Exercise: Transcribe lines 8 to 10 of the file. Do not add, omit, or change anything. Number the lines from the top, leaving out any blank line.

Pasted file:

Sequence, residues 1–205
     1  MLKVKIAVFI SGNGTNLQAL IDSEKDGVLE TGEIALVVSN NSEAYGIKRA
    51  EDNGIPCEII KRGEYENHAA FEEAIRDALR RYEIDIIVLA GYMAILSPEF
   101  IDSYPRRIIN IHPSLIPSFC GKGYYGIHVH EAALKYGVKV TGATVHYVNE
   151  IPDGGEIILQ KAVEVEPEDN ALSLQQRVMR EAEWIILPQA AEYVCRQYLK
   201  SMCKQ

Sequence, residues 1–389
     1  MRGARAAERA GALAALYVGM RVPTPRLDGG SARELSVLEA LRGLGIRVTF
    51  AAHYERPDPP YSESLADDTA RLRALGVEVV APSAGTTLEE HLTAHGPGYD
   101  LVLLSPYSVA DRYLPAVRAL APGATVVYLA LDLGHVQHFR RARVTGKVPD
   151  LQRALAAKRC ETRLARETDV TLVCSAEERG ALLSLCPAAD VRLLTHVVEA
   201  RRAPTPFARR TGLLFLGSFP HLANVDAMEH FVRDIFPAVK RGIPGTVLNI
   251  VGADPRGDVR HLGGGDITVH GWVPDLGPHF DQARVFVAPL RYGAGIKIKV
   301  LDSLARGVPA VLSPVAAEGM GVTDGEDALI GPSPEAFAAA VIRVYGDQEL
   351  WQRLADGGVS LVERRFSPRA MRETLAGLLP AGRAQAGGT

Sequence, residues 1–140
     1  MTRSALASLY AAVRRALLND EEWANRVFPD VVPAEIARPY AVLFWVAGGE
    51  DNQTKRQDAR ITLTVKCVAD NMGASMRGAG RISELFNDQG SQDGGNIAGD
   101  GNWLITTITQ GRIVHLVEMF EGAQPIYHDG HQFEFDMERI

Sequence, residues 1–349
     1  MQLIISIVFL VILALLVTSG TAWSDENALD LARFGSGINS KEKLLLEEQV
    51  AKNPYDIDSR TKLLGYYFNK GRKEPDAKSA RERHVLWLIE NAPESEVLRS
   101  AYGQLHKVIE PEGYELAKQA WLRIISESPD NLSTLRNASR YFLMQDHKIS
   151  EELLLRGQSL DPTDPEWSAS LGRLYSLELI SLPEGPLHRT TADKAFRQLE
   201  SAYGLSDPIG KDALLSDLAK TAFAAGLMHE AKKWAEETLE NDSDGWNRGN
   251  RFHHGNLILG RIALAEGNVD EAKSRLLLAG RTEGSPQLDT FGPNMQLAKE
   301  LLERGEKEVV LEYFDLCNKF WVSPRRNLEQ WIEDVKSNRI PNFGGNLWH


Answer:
     1  MRGARAAERA GALAALYVGM RVPTPRLDGG SARELSVLEA LRGLGIRVTF
    51  AAHYERPDPP YSESLADDTA RLRALGVEVV APSAGTTLEE HLTAHGPGYD
   101  LVLLSPYSVA DRYLPAVRAL APGATVVYLA LDLGHVQHFR RARVTGKVPD